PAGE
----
“In the Quaker class I have learned that there is, as Walter William puts it, rich history of Quakerism. They emphasize virtues such as simplicity and honesty and just waiting on God.”
Lopez said he has found that Malone is true to its Quaker heritage in its emphasis on holiness and community. “Holiness is something they strive for at the school, a life worthy of God, a pure life. I definitely see Malone emphasizing that part of Quakerism with community and unity as well,” he said.
There are also some things about Malone which have strayed from its original Quaker intent.
“Quakers were founded on simplicity and silence, waiting on inner light,” Lopez said.
“I don’t think Malone tries to distinguish itself as a Friends school. Maybe students should be required to take a class on Evangelical Friends, so they at least know the history of the school,” he said.
One opportunity for learning about the Quaker faith is being offered this summer. Because of its Evangelical Friends roots, Malone was picked to host the Friends Association of Higher Education (FAHE) conference this year. Welling serves as the coordinator for the event.
“In the 19th century the Friends began to divide into different groups. Some are more theologically and socially liberal and some are more conservative and yet we all have this shared heritage,” Welling said.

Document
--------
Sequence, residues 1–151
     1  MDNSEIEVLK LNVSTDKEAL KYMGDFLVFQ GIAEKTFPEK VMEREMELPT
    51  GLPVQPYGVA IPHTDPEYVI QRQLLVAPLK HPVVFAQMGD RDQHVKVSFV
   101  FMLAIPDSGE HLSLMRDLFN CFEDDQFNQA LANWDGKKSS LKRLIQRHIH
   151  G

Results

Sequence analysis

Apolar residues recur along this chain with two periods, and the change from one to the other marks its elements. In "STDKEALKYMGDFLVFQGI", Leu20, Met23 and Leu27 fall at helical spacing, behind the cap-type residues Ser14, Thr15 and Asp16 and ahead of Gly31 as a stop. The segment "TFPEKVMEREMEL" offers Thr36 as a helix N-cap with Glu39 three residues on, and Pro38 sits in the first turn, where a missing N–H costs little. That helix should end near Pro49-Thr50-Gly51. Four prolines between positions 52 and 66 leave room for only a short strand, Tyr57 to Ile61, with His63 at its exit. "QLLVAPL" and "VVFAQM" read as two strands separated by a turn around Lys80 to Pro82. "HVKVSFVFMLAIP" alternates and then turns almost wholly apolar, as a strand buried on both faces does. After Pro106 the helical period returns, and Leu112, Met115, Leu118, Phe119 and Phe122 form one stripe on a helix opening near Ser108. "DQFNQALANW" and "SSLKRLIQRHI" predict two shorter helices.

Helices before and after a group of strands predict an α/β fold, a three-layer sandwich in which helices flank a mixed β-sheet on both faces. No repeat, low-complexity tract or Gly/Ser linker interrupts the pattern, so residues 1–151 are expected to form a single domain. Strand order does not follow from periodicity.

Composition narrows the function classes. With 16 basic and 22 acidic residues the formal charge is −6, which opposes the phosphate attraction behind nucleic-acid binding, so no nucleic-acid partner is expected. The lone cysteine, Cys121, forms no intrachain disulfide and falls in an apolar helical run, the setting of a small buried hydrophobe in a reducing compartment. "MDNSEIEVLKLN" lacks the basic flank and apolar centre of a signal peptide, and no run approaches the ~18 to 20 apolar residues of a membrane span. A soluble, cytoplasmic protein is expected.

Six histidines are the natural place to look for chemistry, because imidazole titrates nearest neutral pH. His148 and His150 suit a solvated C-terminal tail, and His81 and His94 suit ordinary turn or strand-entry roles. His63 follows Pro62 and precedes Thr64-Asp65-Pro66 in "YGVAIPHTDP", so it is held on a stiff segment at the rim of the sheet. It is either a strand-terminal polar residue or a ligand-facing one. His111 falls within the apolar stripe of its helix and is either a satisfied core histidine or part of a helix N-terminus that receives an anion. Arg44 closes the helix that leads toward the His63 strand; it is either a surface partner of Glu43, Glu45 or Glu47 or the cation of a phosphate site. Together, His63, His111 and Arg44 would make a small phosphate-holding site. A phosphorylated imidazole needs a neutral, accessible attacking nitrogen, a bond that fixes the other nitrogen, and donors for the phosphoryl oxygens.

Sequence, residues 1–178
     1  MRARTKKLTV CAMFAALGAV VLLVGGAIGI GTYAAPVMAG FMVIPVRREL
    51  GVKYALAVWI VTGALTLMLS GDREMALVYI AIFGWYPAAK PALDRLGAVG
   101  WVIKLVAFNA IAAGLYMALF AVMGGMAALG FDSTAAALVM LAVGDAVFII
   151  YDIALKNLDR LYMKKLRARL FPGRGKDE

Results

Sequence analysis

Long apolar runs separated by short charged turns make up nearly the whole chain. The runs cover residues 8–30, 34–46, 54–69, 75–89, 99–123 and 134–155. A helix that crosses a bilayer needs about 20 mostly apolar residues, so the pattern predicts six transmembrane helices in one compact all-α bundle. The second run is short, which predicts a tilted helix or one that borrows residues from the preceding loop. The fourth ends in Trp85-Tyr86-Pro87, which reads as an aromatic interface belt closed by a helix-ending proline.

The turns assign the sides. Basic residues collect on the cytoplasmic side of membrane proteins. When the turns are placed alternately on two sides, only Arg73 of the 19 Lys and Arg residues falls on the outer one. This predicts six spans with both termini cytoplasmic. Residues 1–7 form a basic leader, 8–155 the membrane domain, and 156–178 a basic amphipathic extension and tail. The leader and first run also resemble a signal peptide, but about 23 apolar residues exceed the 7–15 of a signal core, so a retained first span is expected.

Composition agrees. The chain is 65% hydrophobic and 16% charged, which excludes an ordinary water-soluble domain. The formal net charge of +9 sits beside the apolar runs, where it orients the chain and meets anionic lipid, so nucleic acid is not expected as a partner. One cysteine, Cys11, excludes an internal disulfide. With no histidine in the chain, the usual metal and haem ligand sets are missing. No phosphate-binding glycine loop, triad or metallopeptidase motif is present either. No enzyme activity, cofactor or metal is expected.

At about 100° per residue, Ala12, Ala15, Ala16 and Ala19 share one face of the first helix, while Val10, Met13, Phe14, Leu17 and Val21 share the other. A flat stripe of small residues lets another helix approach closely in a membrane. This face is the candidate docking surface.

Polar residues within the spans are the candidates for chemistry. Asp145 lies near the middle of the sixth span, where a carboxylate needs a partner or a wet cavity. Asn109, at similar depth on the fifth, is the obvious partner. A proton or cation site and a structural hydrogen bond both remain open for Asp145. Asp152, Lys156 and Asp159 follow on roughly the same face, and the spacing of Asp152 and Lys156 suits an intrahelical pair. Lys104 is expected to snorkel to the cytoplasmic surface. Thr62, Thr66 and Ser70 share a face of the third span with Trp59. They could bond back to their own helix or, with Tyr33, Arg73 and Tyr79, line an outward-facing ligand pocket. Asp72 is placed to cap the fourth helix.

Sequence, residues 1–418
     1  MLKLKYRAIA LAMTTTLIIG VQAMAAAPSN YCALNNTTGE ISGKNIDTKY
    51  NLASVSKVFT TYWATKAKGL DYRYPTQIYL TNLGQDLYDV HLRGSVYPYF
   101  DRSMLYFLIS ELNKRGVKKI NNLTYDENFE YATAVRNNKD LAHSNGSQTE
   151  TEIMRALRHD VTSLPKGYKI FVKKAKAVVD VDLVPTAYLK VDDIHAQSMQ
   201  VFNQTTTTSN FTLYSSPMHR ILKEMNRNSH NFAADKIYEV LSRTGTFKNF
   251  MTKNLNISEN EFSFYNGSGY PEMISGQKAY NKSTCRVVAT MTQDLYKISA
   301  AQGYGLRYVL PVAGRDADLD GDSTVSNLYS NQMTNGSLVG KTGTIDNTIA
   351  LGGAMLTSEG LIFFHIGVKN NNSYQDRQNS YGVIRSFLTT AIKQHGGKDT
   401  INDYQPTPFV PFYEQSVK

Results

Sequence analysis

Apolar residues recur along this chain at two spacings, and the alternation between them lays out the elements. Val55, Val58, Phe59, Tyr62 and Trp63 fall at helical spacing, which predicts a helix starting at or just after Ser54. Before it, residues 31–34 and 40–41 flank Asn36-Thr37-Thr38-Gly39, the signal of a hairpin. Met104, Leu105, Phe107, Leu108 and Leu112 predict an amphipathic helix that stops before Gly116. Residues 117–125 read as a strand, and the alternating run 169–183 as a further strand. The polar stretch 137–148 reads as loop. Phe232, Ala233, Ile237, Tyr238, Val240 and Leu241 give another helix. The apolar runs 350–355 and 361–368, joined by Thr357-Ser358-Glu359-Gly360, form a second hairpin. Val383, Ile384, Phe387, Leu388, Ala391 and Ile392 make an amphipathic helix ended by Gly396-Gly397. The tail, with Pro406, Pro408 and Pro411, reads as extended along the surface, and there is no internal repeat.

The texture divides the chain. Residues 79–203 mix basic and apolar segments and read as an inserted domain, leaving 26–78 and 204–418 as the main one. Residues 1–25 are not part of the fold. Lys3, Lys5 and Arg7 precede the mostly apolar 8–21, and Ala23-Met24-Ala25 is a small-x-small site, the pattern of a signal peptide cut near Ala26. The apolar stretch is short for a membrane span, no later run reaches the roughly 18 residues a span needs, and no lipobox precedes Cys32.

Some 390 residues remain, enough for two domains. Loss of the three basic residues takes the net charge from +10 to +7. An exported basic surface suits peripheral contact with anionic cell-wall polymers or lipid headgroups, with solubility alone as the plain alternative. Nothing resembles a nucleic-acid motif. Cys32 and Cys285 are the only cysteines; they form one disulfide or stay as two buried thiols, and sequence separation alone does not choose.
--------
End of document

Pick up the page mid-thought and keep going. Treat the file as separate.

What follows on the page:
The FAHE was founded around 1980 to bring together Friends from different areas and backgrounds. “We share either our scholarship or something about our faith,” Welling said. Welling has attended many of these meetings in the past, including the one in the Quaker Studies Center in England.
Suzie Thomas is the acting public relations person involved in the event which will take place June 20-23. “The FAHE has an annual meeting and they meet at a different university [each year]. We haven’t held it on our campus for some time, for at least 23 years,” Thomas said.
There will be several speakers at the event, including several faculty and staff. Dr. Jay Case will be giving the opening speech on the first day titled Students Are Not Simply Thinking Beings: Cultivating Desires for Quaker Principles.
The focus of the speakers will be on higher education, specifically how the Quaker religious practices can be implemented in higher education. The speakers will address academic planning and management, classroom instructional methods, spiritual and experiential learning, women’s studies, Quaker literature, religion and the sciences, and philosophy and theology.
A complete topic list and registration information will be made available in a press release in the weeks to come. Information will also be made available on websites such as the Canton Repository, Chamber of Commerce, American Towns, and the Council for Christian Colleges and Universities.
Students are encouraged to attend the meeting. “It’s for professors who teach at Quaker or Friends colleges, professors who are Quaker or Friends and teach at any institution, and anyone who’s interested in the Quaker or Friends faith,” Thomas said.
Correction: An earlier version of this story incorrectly attributed a FAHE conference speech.